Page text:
FIG. 2 is a diagrammatic end view of a standard MII connector 200 according to the IEEE 802.3 Standards. The MII connector 200 is a DB-40 connector of male or female construction, including 40 contacts 202 numbered 1 through 40 as shown. The contacts 202 are sockets for the female construction or pins for the male construction. The MII connector 200 is organized so that contacts 1-20 are aligned in a first row and contacts 21-40 are aligned in a parallel, second row.
FIG. 3 is a table 300 illustrating the contact assignments of a standard MII cable and of the MII connector 200 shown in FIG. 2 according to the IEEE 802.3 Standards. Each of the RECs 116 provide a regulated power supply for use by the associated PHY 108, where each power supply uses four +5.0 volt (V) signals on the corner contacts 1, 20, 21 and 40, and 18 return signals, each referred to as a COMMON signal, on contacts 22-39. The +5V power signals may operate at other standard voltage levels, such as 3.3 or 2.2 volts, for example. The remaining MII signals, described below, are provided on the remaining contacts 2-19. In this manner, each MII signal is aligned with a corresponding COMMON contact, which is a return path dedicated to that signal. In the standard MII cable constructed in accordance with IEEE 802.3 Standards, each MII signal wire is twisted together with its aligned COMMON signal wire counterpart forming an individual twisted-wire pair. All of the twisted pairs form a bundle of conductors, which are collectively wrapped in an overall shield covering the cable bundle.
The MII signals are now described with reference to FIG. 3, where a more complete definition of the described signals is found in the IEEE 802.3 Standards. A Management Data Input/Output (MDIO) signal (contact 2) is bi-directional signal between the PHY device and a station management entity (STA) (not shown) in the network. It is used to transfer control information and status between the PHY and the STA. The STA manages a respective node's activity and also allocates the architecture's bandwidth as required. There are three elements to the STA: (1) Frame services generate frames for diagnostics; (2) Connection management controls access to the network; and (3) Ring management (RMT) troubleshoots the network. If there is a fault in the primary ring, the STA entity redirects transmissions to use the secondary ring around the faulty section. This component has no counterpart in the OSI Reference Model and its capabilities may be implemented in hardware or software.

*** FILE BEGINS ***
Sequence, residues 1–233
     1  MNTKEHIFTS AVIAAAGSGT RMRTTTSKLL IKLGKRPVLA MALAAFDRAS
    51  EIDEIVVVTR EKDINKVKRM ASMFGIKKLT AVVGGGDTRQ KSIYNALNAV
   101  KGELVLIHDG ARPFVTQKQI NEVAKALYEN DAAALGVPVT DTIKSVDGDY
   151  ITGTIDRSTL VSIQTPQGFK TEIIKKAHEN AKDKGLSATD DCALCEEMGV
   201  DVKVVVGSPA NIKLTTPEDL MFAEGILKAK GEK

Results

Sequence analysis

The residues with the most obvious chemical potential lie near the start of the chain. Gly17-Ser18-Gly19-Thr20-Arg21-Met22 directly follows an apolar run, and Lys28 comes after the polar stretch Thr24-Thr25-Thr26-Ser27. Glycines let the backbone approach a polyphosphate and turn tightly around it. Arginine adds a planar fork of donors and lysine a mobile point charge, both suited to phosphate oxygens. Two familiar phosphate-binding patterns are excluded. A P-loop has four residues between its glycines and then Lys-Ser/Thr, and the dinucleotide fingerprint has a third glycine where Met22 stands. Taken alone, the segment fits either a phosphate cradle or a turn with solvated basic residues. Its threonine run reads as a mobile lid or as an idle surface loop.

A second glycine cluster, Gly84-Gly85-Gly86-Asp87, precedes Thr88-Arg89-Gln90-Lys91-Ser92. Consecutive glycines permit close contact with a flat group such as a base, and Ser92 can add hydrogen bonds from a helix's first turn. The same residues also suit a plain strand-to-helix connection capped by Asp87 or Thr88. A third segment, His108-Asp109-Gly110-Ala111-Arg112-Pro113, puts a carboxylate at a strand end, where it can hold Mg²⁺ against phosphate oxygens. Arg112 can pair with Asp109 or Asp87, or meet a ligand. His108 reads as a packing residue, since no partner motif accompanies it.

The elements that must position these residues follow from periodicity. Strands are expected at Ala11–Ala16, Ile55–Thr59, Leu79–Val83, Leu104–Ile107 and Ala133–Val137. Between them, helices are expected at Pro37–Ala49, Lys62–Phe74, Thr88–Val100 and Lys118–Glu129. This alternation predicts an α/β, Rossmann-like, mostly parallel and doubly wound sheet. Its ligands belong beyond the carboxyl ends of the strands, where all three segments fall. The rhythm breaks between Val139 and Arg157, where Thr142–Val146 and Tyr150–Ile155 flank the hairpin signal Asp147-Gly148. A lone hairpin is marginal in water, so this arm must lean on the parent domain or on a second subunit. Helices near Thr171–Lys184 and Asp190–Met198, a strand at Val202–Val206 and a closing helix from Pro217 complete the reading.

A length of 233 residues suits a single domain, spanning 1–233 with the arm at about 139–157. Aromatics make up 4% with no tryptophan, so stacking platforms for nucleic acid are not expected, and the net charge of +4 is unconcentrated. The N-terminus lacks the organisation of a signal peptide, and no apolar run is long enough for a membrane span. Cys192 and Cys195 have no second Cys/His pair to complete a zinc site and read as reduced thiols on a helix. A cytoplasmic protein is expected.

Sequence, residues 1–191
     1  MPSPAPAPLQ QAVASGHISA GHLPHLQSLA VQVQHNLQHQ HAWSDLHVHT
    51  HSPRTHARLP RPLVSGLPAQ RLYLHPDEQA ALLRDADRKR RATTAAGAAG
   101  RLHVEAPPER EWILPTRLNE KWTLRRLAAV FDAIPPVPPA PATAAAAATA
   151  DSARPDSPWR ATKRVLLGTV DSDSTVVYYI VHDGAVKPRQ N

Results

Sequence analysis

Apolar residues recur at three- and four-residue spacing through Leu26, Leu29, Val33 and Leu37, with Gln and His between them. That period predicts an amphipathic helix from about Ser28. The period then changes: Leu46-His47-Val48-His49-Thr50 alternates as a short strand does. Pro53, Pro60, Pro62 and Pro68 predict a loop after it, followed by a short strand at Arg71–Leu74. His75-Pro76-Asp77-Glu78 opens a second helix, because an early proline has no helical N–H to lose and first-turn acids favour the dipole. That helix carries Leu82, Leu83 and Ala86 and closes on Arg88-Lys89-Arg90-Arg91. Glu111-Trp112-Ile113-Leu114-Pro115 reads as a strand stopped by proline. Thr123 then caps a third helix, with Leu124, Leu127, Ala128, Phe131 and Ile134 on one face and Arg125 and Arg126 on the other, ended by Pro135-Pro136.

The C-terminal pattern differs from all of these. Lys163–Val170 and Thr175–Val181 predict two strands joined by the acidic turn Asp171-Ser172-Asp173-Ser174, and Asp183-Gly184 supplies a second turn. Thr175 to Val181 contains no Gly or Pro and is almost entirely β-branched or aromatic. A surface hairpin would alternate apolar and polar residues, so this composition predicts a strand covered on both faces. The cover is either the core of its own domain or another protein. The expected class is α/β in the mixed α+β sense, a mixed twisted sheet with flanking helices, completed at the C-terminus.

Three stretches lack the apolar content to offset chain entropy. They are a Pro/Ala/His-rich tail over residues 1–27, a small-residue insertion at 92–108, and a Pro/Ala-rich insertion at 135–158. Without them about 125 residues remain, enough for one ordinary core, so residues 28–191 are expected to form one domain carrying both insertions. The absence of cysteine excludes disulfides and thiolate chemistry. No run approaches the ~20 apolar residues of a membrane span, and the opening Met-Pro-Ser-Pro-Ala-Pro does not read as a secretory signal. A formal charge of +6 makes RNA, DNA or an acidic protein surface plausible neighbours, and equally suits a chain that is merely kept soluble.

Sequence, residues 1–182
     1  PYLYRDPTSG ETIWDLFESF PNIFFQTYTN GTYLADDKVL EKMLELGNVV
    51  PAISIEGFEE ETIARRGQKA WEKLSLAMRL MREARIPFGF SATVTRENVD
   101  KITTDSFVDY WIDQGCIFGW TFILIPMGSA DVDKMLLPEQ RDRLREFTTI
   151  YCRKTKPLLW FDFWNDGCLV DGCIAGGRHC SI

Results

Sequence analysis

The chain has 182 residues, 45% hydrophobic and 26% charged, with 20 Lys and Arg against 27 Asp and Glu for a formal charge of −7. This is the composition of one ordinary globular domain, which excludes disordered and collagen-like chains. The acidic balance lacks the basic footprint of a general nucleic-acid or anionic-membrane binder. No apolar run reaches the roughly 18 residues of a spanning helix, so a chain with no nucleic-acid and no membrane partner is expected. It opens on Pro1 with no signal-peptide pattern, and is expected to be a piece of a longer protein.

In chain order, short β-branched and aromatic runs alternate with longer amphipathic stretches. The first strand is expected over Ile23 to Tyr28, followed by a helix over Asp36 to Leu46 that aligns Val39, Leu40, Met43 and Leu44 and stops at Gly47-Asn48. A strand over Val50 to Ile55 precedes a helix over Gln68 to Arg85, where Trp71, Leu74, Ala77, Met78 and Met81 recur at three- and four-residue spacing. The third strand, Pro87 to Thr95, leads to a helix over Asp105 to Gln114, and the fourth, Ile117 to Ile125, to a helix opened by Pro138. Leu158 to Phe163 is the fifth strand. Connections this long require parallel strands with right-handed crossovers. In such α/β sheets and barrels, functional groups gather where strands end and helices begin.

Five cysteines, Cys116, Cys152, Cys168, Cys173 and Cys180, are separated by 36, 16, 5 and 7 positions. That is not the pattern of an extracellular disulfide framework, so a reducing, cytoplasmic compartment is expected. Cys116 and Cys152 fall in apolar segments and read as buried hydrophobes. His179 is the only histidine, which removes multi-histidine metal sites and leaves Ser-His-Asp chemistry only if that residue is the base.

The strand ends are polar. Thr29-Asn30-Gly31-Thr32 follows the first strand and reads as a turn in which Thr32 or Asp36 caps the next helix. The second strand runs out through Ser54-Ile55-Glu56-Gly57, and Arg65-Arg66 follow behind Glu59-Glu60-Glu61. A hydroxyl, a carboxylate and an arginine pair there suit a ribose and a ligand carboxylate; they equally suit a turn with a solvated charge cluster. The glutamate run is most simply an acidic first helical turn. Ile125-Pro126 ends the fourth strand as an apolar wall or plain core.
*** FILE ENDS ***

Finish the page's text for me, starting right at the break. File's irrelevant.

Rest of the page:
A Management Data Clock (MDC) signal (contact 3) is a bi-directional signal between the PHY and the STA. The MDC signal provides a timing reference for transfer of information on the MDIO signal. The MDC signal has no maximum high or low times and is not required in non-FDDI networks. Control information is driven by the STA synchronously with respect to the MDC signal and is sampled synchronously by the PHY device. Status information is driven by the PHY device synchronously with respect to the MDC signal and is sampled synchronously by the STA.
A Collision (COL) signal (contact 18) is asserted upon detection of a collision on the physical medium. Collisions are determined in accordance with the network architecture employed. A Carrier Sense (CRS) signal (contact 19) is asserted whenever the transmit or receive physical medium is not idle, but is otherwise de-asserted. A connected PHY ensures that the CRS signal remains asserted though the duration of a collision condition. As will be described more fully below, the MDIO, MDC, COL and CRS signals are not required for a connection according to the present invention.